The strength of weak learnability Article DOI :
10.1007/BF00116037

Cite this article as: Schapire, R.E. Mach Learn (1990) 5: 197. doi:10.1007/BF00116037
Abstract This paper addresses the problem of improving the accuracy of an hypothesis output by a learning algorithm in the distribution-free (PAC ) learning model. A concept class islearnable (orstrongly learnable ) if, given access to a source of examples of the unknown concept, the learner with high probability is able to output an hypothesis that is correct on all but an arbitrarily small fraction of the instances. The concept class isweakly learnable if the learner can produce an hypothesis that performs only slightly better than random guessing. In this paper, it is shown that these two notions of learnability are equivalent.

A method is described for converting a weak learning algorithm into one that achieves arbitrarily high accuracy. This construction may have practical applications as a tool for efficiently converting a mediocre learning algorithm into one that performs extremely well. In addition, the construction has some interesting theoretical consequences, including a set of general upper bounds on the complexity of any strong learning algorithm as a function of the allowed error ο.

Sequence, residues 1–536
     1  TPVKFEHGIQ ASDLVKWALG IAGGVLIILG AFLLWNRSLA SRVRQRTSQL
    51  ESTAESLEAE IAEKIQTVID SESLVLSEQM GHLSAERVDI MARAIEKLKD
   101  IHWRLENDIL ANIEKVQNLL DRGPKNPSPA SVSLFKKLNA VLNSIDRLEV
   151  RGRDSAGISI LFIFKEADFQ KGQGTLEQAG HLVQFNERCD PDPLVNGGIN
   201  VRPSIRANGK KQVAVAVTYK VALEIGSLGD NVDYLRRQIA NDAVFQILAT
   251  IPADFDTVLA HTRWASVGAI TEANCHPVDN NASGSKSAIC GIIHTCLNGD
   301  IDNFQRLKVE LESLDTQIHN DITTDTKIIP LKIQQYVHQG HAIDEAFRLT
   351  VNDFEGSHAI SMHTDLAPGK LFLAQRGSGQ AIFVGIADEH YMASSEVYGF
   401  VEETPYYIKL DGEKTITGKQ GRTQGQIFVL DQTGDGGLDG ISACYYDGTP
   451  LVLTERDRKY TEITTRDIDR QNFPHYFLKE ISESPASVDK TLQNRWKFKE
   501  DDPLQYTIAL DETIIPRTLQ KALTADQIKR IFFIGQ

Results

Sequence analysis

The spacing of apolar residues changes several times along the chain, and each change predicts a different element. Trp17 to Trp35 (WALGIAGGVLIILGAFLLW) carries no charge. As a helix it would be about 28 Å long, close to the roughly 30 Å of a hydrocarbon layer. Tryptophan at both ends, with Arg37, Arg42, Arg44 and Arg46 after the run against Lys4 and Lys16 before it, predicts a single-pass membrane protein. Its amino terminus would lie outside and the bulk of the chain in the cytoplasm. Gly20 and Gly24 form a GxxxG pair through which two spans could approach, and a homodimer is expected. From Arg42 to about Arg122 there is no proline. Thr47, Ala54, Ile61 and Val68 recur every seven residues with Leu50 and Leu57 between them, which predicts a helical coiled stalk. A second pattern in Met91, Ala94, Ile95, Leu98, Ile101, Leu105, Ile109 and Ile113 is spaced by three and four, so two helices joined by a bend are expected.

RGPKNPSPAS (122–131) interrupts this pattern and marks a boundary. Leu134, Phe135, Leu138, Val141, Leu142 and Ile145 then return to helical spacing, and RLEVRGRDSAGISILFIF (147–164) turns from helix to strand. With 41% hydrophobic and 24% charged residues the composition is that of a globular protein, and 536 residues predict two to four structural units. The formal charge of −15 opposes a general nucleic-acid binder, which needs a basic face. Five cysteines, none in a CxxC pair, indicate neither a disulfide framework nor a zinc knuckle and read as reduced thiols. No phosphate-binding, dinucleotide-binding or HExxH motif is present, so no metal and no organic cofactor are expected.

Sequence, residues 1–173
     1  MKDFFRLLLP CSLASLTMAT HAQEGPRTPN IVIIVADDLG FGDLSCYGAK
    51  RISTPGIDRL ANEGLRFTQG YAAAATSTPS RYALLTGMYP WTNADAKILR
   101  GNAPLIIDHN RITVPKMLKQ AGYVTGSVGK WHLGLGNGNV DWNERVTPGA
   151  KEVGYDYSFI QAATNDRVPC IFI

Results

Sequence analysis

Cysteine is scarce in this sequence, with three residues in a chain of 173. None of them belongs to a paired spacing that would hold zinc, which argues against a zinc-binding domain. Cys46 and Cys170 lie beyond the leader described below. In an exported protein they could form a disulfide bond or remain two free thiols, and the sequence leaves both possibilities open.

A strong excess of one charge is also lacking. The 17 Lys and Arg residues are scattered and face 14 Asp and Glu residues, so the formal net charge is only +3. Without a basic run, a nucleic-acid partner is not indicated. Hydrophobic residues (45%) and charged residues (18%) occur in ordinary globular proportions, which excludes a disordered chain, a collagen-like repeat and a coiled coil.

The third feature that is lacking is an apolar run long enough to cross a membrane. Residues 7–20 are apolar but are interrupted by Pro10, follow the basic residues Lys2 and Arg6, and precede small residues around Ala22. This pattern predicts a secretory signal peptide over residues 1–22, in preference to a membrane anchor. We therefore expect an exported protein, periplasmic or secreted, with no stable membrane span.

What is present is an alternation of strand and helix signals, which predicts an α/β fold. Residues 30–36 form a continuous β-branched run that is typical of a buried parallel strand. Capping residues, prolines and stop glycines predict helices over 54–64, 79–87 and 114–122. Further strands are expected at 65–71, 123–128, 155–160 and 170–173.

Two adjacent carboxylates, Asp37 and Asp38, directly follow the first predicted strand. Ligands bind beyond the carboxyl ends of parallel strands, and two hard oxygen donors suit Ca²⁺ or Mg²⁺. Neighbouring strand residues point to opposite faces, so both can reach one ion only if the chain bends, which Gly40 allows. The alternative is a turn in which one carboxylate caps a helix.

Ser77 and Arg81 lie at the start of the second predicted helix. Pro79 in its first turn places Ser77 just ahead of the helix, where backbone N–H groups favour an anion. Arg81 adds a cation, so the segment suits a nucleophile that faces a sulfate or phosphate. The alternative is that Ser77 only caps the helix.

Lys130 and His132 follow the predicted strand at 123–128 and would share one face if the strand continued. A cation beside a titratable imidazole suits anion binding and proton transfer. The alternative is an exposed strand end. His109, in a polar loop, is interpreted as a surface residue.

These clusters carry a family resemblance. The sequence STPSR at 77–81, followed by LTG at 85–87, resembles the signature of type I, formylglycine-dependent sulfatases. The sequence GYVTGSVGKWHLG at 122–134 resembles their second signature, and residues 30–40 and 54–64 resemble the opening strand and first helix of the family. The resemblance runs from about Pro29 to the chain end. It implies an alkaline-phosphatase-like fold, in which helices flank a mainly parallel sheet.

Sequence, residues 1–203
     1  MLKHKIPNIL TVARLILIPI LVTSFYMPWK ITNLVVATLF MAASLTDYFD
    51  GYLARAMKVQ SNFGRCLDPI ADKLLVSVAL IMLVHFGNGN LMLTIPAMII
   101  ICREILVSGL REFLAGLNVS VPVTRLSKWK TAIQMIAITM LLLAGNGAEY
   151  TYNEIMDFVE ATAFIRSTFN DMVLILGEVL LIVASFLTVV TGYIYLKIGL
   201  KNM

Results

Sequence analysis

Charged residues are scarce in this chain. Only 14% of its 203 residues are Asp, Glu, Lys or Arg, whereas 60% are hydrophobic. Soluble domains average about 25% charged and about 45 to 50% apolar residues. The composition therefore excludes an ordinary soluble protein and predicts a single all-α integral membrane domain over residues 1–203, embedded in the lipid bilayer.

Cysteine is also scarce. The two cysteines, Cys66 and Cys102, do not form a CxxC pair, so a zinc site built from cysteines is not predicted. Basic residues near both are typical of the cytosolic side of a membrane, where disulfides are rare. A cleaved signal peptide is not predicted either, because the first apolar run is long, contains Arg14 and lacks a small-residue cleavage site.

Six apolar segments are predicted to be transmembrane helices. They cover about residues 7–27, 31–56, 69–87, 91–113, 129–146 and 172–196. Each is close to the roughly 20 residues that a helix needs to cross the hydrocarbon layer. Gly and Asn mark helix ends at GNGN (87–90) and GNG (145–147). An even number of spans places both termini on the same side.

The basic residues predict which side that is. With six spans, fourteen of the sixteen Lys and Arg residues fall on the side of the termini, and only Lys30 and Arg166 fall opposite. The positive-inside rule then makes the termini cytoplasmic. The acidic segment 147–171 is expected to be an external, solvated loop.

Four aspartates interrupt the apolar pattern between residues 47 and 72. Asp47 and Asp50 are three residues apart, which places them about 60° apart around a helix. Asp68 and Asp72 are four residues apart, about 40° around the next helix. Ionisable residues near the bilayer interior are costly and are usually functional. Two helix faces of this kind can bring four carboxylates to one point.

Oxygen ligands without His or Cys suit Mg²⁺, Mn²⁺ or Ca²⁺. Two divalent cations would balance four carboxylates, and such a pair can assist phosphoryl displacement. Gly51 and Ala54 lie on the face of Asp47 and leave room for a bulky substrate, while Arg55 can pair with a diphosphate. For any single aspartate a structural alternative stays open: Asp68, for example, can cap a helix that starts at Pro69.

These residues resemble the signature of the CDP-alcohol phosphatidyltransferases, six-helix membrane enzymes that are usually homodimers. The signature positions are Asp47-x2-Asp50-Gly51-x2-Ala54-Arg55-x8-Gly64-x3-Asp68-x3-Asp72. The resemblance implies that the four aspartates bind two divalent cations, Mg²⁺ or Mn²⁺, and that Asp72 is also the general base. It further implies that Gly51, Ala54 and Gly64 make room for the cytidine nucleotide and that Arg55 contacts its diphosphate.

Keywords Machine learning learning from examples learnability theory PAC learning polynomial-time identification Download to read the full article text

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Authors and Affiliations 1. MIT Laboratory for Computer Science Cambridge